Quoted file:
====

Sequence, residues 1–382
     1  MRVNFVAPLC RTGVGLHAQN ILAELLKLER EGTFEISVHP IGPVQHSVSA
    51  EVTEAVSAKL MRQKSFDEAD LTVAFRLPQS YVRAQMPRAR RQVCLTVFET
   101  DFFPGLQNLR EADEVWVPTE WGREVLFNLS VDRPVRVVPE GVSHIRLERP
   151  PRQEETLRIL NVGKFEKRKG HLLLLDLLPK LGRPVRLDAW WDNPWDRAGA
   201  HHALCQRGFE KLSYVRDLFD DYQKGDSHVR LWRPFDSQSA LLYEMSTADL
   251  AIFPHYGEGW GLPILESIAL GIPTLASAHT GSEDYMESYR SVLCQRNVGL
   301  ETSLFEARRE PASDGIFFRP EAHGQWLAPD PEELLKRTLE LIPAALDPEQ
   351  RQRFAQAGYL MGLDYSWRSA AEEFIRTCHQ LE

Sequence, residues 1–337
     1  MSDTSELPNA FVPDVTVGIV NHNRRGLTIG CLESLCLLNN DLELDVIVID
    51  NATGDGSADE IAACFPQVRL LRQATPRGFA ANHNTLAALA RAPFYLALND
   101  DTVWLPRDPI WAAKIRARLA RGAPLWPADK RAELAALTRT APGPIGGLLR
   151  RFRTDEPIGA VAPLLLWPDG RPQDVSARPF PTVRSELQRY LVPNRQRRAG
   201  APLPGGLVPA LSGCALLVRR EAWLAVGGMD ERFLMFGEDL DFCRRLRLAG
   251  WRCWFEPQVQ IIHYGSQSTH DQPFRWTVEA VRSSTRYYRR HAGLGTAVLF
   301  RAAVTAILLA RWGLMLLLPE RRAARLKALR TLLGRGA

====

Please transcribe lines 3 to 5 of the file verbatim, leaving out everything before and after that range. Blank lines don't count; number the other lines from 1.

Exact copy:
    51  EVTEAVSAKL MRQKSFDEAD LTVAFRLPQS YVRAQMPRAR RQVCLTVFET
   101  DFFPGLQNLR EADEVWVPTE WGREVLFNLS VDRPVRVVPE GVSHIRLERP
   151  PRQEETLRIL NVGKFEKRKG HLLLLDLLPK LGRPVRLDAW WDNPWDRAGA